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The European Foundation for Democracy (EFD) published a survey report on May 16, 2018 about an assessment on the integration practices and policies towards asylum seekers in Europe. This topic has been ongoing and controversial with a lack of concrete, well planned policies. The deal reached by the EU on June 28, 2018 over migration and refugees handling remains to prove itself. In the light of these events, this report brings important insights into the “refugee crisis” that took hold in 2015 and into how the different countries have responded to it. In particularly, the report focuses on the countries that have received the most asylum seekers: Austria, Belgium, Denmark, France, Germany, Sweden, and the Netherlands. From these, Germany has been by far the most affected with 593,410 asylum seekers coming into the country in 2015 and 2016. The report assumes a neutral stand and presents the findings on what they call “good practices” and points of vulnerabilities and areas of concern. In addition, the EFD claims that this is the first report of this nature, and they hope it will serve to create debate and grounds for better policies that reflect core EU values while helping refugees. In their words, “we have a duty of care and a responsibility to protect them from exploitation, predation and attack while preserving the values upon which our liberal-democratic societies are built”.

The report starts by giving an overview of the timeline of events that led to the well known “refugee crisis”, with many people fleeing from civil wars and political instabilities. The countries that have contributed the most the refugees are Syria, Iraq, Afghanistan, and several African countries, with Syria leading the way. Since 2014, Germany has received around 1.3 million asylum applications, with Sweden, Austria, and France following. Denmark is the country that has received the least amount of asylum applications (out of these countries) since 2014, and the report claims that this is mainly due to Denmark’s strategic campaign to make the country seem as a less attractive destination for refugees. The enormous influx of asylum seekers into Europe since 2015 has created many challenges for the different governments, and has also awaken radical political stands against migration. In that sense, the report tries to look at the different procedures surrounding the integration of refugees into these countries, and assess the prejudice and racism these vulnerable people are being faced with as well as the risks of radicalization that they are exposed to. Furthermore, the focus of the report was on Syrian refugees since they are the ones that have fled in the largest numbers from Syria to Europe in search of protection from the civil war.

The way events and responses developed following the influx of asylum seekers proves that Europe was not prepared for such an unprecedented migration movement into their territories. In addition, each country had their own set of migration and integration policies, but there was a lack of a common policy across the EU about how to handle the pressing issue. Different efforts have been made since to contain the influx, including the Danish government’s advertising campaign in the Lebanese press to discourage asylum seekers from coming to Denmark and a deal between the EU and Turkey in 2016. The report further states that the media played a key role in dissemination a polarized debate, where strong sentiments of “us” and “them” developed into a narrative that has caused social and political fragmentation. This fragmentation has in turn created the foundation for the emergence of different forms of extremism and nationalist feelings taking advantage in national elections in Germany, France, and the Netherlands.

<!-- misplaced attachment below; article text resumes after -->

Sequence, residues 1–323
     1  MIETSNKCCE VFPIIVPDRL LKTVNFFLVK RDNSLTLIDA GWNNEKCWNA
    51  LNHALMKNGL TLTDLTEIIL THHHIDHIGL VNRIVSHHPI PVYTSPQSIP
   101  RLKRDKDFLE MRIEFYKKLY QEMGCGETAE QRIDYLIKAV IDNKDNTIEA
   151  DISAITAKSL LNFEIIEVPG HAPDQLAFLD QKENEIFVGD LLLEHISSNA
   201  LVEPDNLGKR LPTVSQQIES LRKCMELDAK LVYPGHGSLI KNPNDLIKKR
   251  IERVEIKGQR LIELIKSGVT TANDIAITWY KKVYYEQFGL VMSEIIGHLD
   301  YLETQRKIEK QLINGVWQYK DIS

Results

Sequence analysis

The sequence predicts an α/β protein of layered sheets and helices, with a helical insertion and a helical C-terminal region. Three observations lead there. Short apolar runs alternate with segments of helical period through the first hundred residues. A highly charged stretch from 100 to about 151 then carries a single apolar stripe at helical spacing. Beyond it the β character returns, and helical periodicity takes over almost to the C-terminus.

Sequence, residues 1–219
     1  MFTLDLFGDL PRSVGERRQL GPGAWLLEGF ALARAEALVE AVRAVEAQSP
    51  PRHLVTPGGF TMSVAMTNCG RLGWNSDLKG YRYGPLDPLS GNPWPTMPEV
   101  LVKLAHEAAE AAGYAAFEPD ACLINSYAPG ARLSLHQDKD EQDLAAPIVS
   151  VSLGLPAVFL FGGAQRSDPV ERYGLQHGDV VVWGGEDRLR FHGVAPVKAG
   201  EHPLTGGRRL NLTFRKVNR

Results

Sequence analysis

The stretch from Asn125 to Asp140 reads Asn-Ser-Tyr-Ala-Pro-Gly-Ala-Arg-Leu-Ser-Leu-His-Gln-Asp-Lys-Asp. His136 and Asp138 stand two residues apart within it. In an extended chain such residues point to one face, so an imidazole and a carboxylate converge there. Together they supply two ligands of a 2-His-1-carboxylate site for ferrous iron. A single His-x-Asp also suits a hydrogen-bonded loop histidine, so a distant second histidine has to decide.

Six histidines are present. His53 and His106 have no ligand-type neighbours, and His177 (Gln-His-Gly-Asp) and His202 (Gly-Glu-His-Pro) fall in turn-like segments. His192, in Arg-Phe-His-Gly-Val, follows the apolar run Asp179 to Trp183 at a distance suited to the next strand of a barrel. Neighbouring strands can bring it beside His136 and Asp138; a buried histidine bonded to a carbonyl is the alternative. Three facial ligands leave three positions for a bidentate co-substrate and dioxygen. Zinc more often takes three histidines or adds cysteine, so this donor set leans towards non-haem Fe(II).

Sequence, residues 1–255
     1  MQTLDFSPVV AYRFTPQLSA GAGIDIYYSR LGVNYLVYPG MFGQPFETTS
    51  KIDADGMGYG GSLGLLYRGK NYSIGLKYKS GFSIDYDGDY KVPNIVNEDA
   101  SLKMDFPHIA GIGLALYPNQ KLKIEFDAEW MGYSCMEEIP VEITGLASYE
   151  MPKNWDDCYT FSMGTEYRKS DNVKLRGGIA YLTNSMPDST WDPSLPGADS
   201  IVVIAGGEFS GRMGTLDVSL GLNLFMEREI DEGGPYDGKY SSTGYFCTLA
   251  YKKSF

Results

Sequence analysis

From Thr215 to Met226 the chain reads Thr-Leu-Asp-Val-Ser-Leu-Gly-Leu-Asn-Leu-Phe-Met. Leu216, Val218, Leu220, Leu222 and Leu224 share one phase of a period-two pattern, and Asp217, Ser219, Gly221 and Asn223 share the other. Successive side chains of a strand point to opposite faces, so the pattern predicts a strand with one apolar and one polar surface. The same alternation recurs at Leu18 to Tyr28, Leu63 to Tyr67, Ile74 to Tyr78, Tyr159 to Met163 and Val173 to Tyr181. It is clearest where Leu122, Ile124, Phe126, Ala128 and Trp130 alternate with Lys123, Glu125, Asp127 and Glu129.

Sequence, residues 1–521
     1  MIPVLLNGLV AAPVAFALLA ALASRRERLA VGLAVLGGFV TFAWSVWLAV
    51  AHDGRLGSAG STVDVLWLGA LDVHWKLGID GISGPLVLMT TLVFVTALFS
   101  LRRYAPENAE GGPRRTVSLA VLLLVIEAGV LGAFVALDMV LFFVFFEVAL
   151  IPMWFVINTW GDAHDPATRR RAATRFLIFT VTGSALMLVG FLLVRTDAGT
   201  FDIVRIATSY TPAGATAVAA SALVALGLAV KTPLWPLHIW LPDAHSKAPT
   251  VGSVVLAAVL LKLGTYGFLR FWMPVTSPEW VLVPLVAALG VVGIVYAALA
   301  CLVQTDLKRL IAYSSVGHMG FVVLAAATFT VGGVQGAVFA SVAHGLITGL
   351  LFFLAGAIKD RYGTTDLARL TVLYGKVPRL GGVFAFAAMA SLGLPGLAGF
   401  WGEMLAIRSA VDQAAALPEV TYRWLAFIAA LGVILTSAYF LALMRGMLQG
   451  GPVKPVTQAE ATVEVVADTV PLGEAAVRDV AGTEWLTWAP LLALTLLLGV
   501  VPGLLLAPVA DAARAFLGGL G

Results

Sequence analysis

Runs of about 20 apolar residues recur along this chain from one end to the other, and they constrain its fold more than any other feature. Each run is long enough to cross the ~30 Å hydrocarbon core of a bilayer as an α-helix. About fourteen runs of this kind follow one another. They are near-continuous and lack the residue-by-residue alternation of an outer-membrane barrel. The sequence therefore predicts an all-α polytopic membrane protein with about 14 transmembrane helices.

Looking at approaches to integrate refugees socially, economically, and culturally into the host countries, the report analyzes the practices and highlights both the good practices and the areas for improvement. The different countries evaluated have all made attempts to integrate refugees into the countries, where governments and civil society groups work to make guide them in the host countries. Many NGOs and civil society organizations have conducted various activities aimed at making the asylum seekers’ transition smoother. Among the good practices found are efforts to spread liberal-democratic values, social inclusion, and supporting services to starting life in a new place. However, there are still many concerns and vulnerabilities for the refugees, especially with the lack of clear common policies. Among the remaining challenges are finding affordable housing, matching skills to jobs, lack of employment opportunities where language is not a barrier, and the discrimination coming from conservative groups or individuals. Another concern is a problem common to all the EU member states of the so called “undesirable and unreturnable migrants”, of which some have committed radical acts in the host countries. Thus, against this background, it is paramount that policies find a balance between security and humanitarian responsibilities. The report ends with key recommendations for the EU and national policymakers as a whole, highlighting, the need for being cognizant of the psychological trauma refugees experience and the need for businesses to invest in mentoring programs and skills mapping.

Read more here.